This summer, I first experienced the fish called escolar and have since tried it in three different restaurants. I have learned its pleasure. I have learned its pain.
Escolar is a deep water fish with a high oil content in its muscle tissue. It has a strong flavor that reminds me of swordfish or tuna, but milder and butterier. It is utterly delicious.
I first tried a small serving of escolar carpaccio in Austin at Uchi. The fish was sliced thinly. In its raw form, it had the texture of a scallop. Even in this small quantity, the rich flavor of a fish was a revelation.
I also tried a special at Blue Fish House called spicy escolar roll . It is the typical Blue Fish House roll: lots of sweet sauce, very spicy, suited to the American palate. Yet the flavor of the escolar was strong enough to stand up to the sweet and spicy treatment.
My best escolar experience was grilled escolar at Bistro Moderne. The menu describes it as a "pave of fish with asparagus, soft polenta and borberry (?) vinaigrette." It was, for Bistro Moderne, a surprisingly American preparation. Grilling escolar brings out the full richness of its flavors. The subtle side dishes and sauce left the rich flavor of the escolar to speak for itself.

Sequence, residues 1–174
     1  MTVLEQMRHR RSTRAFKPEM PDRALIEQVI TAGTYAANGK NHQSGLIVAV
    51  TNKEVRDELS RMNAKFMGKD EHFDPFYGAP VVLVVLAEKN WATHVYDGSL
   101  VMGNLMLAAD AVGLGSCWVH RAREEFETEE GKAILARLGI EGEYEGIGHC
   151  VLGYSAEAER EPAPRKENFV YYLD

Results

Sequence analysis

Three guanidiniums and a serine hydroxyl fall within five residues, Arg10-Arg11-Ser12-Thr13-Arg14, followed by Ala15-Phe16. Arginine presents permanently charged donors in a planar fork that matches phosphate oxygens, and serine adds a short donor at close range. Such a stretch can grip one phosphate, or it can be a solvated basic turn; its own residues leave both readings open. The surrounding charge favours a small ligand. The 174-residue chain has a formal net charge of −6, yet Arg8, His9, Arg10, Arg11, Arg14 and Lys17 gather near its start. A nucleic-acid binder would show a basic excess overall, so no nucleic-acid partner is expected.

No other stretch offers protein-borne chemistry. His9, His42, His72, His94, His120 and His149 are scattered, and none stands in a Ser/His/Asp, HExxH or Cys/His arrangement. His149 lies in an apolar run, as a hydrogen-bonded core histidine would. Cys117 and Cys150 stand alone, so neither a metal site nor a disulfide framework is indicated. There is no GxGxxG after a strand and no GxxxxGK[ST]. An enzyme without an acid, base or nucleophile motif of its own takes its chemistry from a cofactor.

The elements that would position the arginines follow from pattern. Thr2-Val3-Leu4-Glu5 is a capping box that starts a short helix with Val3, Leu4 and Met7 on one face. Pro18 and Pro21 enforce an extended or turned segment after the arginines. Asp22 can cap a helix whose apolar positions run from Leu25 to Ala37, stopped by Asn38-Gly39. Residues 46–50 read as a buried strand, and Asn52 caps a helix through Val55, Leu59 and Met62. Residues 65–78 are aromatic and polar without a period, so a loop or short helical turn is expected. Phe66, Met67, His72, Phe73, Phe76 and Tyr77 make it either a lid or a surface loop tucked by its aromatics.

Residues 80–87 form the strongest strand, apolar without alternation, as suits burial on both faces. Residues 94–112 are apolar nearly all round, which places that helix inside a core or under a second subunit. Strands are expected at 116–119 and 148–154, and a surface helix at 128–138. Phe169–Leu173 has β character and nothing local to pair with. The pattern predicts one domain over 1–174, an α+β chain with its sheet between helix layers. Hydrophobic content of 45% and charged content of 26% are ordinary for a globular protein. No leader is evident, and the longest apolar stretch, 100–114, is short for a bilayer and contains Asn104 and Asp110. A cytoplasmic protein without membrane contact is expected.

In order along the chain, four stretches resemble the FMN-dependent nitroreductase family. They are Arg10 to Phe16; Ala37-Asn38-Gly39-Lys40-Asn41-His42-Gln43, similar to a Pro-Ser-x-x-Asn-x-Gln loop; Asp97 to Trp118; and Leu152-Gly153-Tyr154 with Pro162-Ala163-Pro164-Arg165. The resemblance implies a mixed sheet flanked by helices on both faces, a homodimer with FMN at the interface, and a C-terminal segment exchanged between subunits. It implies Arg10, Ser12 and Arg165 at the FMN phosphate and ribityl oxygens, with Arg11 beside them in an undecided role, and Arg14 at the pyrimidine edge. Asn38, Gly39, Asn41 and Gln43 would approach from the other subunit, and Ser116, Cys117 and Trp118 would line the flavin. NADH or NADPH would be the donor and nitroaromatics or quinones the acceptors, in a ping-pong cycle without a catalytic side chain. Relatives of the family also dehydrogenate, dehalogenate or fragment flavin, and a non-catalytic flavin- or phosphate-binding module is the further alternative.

As much as I love this fish, it has a dark side. The oil in escolar is not digested in humans. That is good for the diet. But it is not so good for our gastrointestinal system. Escolar has earned the nickname "Ex-Lax fish." In portions over 6 ounces, it causes a condition known as keriorrhoea, which rhymes with another, very similar, malady. The Japanese have banned it since 1977. In the U.S., the FDA banned escolar in 1990, but reversed itself a few years later. As one Los Angeles chef said, "It is . . . sort of a crap shoot."
With the small portions at Uchi and Blue Fish House, I had no problems. But the grilled escolar at Bistro Moderne was well over 6 ounces. It was easily the best dish, but it also caused the most pain the next day. Perhaps I should have stopped at about six ounces, but that was far too difficult to do.
There is something intriguing about eating food that may hurt us. The Japanese love fugu, which prepared improperly, is lethal. I recently have noticed a number of new TV shows about hosts who dare to eat strange, disgusting foods around the world. Eating these foods can be a shock to our system, yet we love the challenge. I am reminded of the title of Robb Walsh's excellent book, Are You Really Going To Eat That?
To which I answer, "Hell yes. May I please have more escolar?"